By the dim moonlight just coming out from behind the clouds, I saw the witchy woman cup her hand around her mouth and whisper a word. Then she held out her cupped hand toward me, as if she was carrying something in it.

“Hold out your hand,” she said. I did as she asked, and she placed whatever was in her hand in mine and closed my fingers around it.

“Here’s your answer,” she said. “Wait until you get home to open it. And never come back here again.”

I turned and hurried away, stumbling in the near-dark. When the moon went behind clouds again, I tripped over something and fell forward. I opened my hand to break my fall, and I heard the witchy woman’s prophecy drift away on the wind so quickly that I could only catch a few words before they faded: “... once you've bitten the apple ...”

Panic swept over me. I got up and ran. I stumbled and fell again, and again. I had no idea where I was. After a while I saw a light in the distance. Some farmhouse, I thought. I ran toward it. Then I realized it was the witchy woman’s hut. I had been running in circles.

She had told me never to come back, so I didn’t dare knock on the door. But I couldn’t help looking in the window. The witchy woman was sitting at a table on which stood a burning candle. She had a single die in the palm of her hand. She rolled it across the table. I couldn’t see what number it landed on, but it seemed to please the witchy woman. She smiled, then she blew out the candle.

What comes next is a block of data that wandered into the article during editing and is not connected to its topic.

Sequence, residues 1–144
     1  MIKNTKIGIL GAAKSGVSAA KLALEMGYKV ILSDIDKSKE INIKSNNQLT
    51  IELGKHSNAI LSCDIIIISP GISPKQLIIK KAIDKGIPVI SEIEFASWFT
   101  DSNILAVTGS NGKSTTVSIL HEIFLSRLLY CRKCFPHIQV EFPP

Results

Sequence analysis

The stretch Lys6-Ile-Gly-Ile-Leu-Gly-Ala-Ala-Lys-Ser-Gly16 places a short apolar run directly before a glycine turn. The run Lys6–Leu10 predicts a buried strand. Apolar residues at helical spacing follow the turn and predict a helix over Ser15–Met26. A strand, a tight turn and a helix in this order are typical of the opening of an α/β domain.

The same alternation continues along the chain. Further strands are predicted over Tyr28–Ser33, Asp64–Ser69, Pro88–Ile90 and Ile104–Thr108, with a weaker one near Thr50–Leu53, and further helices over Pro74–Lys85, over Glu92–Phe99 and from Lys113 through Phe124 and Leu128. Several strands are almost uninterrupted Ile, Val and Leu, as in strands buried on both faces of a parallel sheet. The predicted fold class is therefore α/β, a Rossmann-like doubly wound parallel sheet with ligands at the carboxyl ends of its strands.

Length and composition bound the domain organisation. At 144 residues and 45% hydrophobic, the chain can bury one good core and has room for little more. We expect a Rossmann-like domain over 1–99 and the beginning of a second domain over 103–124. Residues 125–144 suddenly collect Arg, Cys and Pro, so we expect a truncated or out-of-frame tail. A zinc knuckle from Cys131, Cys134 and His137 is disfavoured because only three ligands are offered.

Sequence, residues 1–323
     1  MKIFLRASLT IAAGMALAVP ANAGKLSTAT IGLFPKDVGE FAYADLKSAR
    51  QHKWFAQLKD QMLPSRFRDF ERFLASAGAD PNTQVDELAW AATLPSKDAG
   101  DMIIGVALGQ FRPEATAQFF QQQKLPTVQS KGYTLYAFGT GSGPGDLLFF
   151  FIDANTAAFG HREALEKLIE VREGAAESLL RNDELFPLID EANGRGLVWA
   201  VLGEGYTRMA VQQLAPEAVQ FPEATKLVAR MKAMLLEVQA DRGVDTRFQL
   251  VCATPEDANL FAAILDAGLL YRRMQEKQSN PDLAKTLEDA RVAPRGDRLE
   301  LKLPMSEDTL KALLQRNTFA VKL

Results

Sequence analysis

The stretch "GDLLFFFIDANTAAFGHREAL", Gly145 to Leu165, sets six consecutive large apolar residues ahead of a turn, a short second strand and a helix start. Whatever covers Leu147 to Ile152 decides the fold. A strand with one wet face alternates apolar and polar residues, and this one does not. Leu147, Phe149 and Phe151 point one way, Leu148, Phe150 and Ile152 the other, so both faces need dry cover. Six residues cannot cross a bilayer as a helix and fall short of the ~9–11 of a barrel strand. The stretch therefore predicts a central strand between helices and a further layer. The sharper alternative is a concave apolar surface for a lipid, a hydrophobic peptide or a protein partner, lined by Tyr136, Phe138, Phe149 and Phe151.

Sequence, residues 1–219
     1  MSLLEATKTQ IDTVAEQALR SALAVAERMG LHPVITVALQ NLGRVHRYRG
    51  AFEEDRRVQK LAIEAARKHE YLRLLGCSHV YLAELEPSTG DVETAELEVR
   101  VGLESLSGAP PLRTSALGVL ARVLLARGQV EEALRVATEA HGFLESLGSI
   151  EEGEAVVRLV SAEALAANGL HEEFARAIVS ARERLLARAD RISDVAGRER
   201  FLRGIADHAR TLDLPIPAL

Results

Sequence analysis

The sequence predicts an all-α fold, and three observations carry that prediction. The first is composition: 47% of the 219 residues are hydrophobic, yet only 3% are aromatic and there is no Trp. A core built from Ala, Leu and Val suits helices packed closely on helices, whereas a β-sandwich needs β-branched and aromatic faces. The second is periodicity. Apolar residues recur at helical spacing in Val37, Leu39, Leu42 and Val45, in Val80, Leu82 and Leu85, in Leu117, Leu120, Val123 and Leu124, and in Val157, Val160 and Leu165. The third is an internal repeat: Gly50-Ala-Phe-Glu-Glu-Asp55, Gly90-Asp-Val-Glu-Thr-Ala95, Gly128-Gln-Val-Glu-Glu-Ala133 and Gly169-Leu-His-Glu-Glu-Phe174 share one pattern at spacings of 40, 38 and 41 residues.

All I could see now was her red eye. It turned and looked right at me.

I ran.


What is Riddle? A shapechanger, a creature of Story without a story of his own. He (if Riddle is a he) hid for years in the Forest of Eldark, waylaying travelers and forcing them to play his crazy riddle game, in the hope someone could tell him who or what he really is and where he came from. 
Those who saw him or were lured by him into his hidden grove in the forest called him the Woodwraith and feared him. Some said he was a bat, others saw him as an owl, and others as a wildcat climbing among the tree branches. As a shapechanger, of course he could be any of these creatures and more.

Riddle can take on the characteristics of whatever creature he shapes himself as. As a cat, Riddle is convincingly catlike, and yet there remains something uncanny and strange about him. 

Can this creature of many shapes be trusted?

The Marrowbone Brothers

There were three of them to begin with: Tuck, Hodge and Flitch. Three little pigs. When they were still quite young their mother drove the brothers out of the muddy wallow that had been their home, and they had to fend for themselves.